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Publishers increasingly see blogs as ad revenue opportunity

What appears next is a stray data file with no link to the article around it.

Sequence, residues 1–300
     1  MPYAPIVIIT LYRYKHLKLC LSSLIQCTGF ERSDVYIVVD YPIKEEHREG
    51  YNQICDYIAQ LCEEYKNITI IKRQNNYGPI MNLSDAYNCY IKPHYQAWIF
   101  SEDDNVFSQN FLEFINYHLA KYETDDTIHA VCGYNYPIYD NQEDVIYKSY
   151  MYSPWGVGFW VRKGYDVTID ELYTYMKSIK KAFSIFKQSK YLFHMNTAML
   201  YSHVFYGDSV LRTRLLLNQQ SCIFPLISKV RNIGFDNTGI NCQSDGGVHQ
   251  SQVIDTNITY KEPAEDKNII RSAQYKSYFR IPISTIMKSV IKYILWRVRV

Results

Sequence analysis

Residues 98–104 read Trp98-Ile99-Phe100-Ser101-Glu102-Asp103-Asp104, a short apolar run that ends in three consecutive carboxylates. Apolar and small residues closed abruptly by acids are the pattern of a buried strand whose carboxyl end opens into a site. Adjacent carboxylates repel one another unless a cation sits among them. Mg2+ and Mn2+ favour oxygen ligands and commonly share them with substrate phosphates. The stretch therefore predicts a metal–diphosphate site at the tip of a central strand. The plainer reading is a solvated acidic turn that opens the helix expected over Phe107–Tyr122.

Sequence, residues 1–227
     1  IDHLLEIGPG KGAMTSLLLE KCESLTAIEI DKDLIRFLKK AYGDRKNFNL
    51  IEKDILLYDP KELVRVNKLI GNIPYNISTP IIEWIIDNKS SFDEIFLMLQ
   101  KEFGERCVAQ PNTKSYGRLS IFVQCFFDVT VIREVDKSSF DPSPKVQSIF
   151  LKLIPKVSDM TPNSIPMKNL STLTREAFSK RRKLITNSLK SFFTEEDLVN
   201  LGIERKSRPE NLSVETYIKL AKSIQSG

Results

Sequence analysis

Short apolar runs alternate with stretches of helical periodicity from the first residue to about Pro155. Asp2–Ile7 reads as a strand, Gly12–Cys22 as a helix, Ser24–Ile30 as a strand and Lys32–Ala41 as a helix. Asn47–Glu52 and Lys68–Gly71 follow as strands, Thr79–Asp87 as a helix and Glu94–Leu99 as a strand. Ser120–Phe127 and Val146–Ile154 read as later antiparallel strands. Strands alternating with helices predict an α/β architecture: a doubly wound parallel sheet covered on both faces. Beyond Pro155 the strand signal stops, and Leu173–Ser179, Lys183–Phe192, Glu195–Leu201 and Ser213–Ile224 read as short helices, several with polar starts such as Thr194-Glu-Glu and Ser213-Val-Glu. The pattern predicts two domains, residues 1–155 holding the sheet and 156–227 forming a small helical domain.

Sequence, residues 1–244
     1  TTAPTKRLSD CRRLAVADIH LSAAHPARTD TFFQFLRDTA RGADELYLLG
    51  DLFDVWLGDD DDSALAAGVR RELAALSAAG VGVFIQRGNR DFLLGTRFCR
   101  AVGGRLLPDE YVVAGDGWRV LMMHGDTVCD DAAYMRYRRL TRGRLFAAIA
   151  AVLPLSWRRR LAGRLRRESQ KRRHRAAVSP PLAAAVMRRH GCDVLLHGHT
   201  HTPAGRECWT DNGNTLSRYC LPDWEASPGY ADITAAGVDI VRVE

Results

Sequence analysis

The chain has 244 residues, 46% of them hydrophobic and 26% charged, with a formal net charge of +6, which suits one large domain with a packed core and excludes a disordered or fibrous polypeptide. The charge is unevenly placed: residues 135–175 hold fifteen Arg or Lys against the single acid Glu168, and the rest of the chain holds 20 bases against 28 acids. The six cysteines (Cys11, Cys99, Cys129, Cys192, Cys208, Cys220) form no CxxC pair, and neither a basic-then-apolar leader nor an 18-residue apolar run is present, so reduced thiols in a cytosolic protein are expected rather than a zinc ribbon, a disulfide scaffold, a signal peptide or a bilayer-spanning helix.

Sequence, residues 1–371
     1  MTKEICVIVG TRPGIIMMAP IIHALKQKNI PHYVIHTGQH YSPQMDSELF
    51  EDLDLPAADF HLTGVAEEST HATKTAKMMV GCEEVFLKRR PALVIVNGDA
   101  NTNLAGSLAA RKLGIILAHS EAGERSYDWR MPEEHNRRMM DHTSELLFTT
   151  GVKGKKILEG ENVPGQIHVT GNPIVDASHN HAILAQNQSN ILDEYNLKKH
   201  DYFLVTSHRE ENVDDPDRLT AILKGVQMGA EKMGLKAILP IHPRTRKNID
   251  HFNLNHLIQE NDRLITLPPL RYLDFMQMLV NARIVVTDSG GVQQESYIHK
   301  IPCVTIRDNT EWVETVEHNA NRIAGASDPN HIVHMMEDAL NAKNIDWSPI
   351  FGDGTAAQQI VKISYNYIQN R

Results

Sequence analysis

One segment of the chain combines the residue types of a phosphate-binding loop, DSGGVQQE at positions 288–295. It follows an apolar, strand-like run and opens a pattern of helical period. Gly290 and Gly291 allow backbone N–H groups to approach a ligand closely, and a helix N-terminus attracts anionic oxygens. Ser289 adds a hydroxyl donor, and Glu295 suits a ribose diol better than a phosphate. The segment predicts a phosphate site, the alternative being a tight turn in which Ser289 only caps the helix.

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Bob Carrigan, president-CEO of IDG Communications, wants to know why most b-to-b publishers with legacy print products have failed to develop their own online advertising networks around blogs in their industries. IDG has now operated its own IDG TechNetwork for two years. The network aggregates technology-oriented bloggers and then sells ad space on their sites; it produces about 2 billion impressions a month. In fiscal year 2010, ended Sept. 30, the network saw a 19-fold increase in revenue over its previous fiscal year. Carrigan is baffled as to why other b-to-b publishers haven't taken the same approach. “Most of the companies in a particular category have conceded the vertical ad network space to Internet startup or pure-play [companies],” he said. He did note that Hachette Filipacchi acquired Jumpstart Automotive Media, a network of automotive blogs and websites. Other media companies may be following suit. Late last month, the Economist Group, publisher of The Economist, unveiled a new online advertising network called Ideas People Channel. It debuted with about 30 sites, including blogs such as Daily Kos and Wonkette. Among the other websites in the ad network are those of the Christian Science Monitor, Chronicle of Higher Education, Mother Jones, The Nation, New Republic, Roll Call and Talking Points Memo. The first advertiser to use Ideas People Channel was IE Business School, based in Madrid. While business publishers as a whole haven't embraced building online ad networks around industry blogs, they are experimenting with other ways to generate revenue from bloggers. For example, Forbes.com is pioneering an innovative, if straightforward, way to generate revenue from blogs: It's going to charge bloggers as part of its new AdVoices program, which is expected to officially debut later this year, Forbes.com hopes to sign five to 10 corporations a quarter to post blog entries on the site. “This isn't advertising,” said Kevin Gentzel, chief revenue officer at Forbes. “This is storytelling. This is thought leadership. This is deeply engaging the user or the reader in a different way.” Gentzel said content marketing is a fact of life that magazine brands must accommodate. “We can either run from that or embrace it and run to it,” he said. Other companies are taking different approaches to blogging. Bloomberg Businessweek, for example, has its own staffers blog on the Businessweek.com website. AdvisorOne.com, a new financial industry portal from Summit Business Media, mixes the company's own editorial content with newswire copy and prominent industry bloggers. NetShelter has built its entire business model around independent bloggers. The company is a network of about 200 bloggers who share in ad revenue. The model seems to be working: NetShelter generated 40.6 million unique visitors in the U.S. in August, according to comScore. “Where we started was in 2006 by identifying the independent bloggers who had high credibility for specific topics,” said Peyman Nilforoush, CEO of NetShelter. With the model and the flexibility to create special sites that combine entries from various bloggers and custom content from marketers, NetShelter has attracted such b-to-b advertisers as Microsoft Corp., Sprint and Verizon Communications. IDG's Computerworld, independent from the company's TechNetwork, began incorporating independent bloggers in its Web strategy in 2007, said Scot Finnie, the brand's editor in chief. “Today they account for about 15% to 20% of our page views,” he said. Computerworld pays bloggers by the page view and has many of them covering smartphones and other topics that generate significant traffic.
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